Michael Oren former ambassador of Israel to the United States, speaks during the Jerusalem Post Conference in New York in April..
(photo credit: MARC ISRAEL SELLEM/THE JERUSALEM POST)
Israel should not hold American- style televised debates because they do not work in a multiparty system, Deputy Minister Michael Oren (Kulanu) said.
As the world focuses its attention on the series of debates between the US presidential candidates, Oren, a former ambassador to Washington, told The Jerusalem Post that town-hall-type meetings with representatives of multiple parties were better suited to Israel’s political system.
Standard debates, if limited to two candidates, would unfairly favor the largest parties, he said.
“Debates tend to be about who is a better debater, and I am not sure that is the criteria people are looking for in a leader,” Oren said.
“Debating skills are not essential for leadership. You can lose a debate and get your message across better.
The goal is to inform the public of your positions, and I don’t think debates are the best way to accomplish that goal.”
Oren is one of two MKs born in the United States. The other, the Likud’s Yehudah Glick, endorsed holding debates in Israel, but with reservations.
“Yes we should, though there is a problem with the fact that the system here is not a two-man system,” Glick told the Post
. “A debate with too many people is not effective, but it can be limited to the two top candidates in the polls or the two party heads with the most mandates presently.”
Zionist Union MK Nachman Shai said Israel should definitely be having debates, and blamed Prime Minister Benjamin Netanyahu for rejecting offers to hold them in recent elections.
“It is a democratic idea that is correct and welcome,” Shai said to the Post. “But the prime minister opposes holding debates in Israel, and therefore all initiatives in the past to hold debates did not end up bearing fruit.”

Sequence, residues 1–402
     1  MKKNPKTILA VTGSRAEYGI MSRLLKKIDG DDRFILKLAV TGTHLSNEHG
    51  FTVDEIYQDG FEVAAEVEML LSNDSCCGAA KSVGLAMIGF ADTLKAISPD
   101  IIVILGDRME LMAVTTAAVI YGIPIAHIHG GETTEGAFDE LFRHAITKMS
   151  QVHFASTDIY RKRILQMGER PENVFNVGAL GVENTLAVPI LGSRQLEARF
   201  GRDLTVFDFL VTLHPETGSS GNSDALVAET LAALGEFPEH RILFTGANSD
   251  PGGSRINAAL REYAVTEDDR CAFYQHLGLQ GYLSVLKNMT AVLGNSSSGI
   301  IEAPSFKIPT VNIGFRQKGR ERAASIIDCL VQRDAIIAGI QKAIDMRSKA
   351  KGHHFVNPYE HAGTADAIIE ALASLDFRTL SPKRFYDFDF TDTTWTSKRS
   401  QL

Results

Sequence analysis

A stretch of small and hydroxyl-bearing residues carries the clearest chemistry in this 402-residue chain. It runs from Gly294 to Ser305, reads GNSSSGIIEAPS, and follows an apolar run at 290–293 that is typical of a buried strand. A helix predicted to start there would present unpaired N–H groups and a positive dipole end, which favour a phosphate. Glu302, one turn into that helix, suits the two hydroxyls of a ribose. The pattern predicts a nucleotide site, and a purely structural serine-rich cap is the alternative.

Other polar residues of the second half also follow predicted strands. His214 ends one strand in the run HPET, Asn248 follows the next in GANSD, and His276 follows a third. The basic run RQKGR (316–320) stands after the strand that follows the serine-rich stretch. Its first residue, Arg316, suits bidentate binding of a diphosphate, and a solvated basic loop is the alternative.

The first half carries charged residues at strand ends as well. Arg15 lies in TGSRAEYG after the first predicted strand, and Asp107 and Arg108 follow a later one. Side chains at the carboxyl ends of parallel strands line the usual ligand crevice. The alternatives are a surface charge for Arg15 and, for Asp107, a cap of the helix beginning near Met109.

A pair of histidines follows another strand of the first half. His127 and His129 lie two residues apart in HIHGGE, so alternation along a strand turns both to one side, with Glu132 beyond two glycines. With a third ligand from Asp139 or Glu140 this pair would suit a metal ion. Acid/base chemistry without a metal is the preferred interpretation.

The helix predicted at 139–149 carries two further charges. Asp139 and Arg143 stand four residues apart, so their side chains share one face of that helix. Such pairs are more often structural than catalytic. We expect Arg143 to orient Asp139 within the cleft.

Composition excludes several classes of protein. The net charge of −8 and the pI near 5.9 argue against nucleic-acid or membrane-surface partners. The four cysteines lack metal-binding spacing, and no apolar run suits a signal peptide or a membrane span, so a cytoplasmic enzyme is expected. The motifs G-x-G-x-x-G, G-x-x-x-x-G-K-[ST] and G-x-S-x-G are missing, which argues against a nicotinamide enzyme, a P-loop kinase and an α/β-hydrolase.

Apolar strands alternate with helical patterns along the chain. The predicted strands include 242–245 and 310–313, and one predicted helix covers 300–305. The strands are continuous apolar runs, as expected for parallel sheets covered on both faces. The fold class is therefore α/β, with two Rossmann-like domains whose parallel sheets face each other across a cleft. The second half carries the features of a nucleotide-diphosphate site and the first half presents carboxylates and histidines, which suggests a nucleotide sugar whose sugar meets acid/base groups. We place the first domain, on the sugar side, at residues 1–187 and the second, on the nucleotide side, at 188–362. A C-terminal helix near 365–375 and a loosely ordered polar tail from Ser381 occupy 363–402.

There has not been a formal debate among Israeli prime ministerial candidates or contestants for the leadership of a party since 1999, mainly due to opposition from those leading in polls.
Front-runner Ehud Barak boycotted the 1999 debate, allowing Center Party candidate Yitzhak Mordechai to insult Netanyahu on his own, challenging him to “look into my eyes.”
The last time all the candidates for prime minister participated in a debate was in the 1996 election, when Netanyahu faced-off against then-incumbent Labor Party prime minister Shimon Peres.
Zionist Union leader Isaac Herzog called upon Netanyahu to debate him in English in February 2015, a month before the last election, during an interview with The Jerusalem Post’s
Election Arena, a series of video interviews with candidates.
Herzog had been calling for Netanyahu to debate him for weeks. He was asked in the interview whether he would consider challenging the prime minister to debate him in English, which might have persuaded Netanyahu because of his strength in the language.
“I have no problem debating Bibi in English, in Hebrew or even Arabic,” Herzog said, referring to Netanyahu by his nickname. “Except [in] Yiddish, which I’m not so good at.”
After Netanyahu’s advisers saw the clip, they decided to release a statement saying he would debate Herzog only if the Zionist Union’s second candidate for prime minister, MK Tzipi Livni, was part of the debate.
“The prime minister will consider a debate on television with the candidates of the Left to form the next government, Buji and Tzipi, when he returns from the US,” the Likud said in a statement, using Herzog’s nickname.
When Livni ran against Netanyahu in 2009, she also challenged Netanyahu to a debate.
Ambassador to the US Ron Dermer, who was a Netanyahu adviser at the time, rejected the challenge, saying Livni did not have enough to say to warrant holding a debate.
“Before someone comes with a debate demand, they have to have policies on the issues,” Dermer said.
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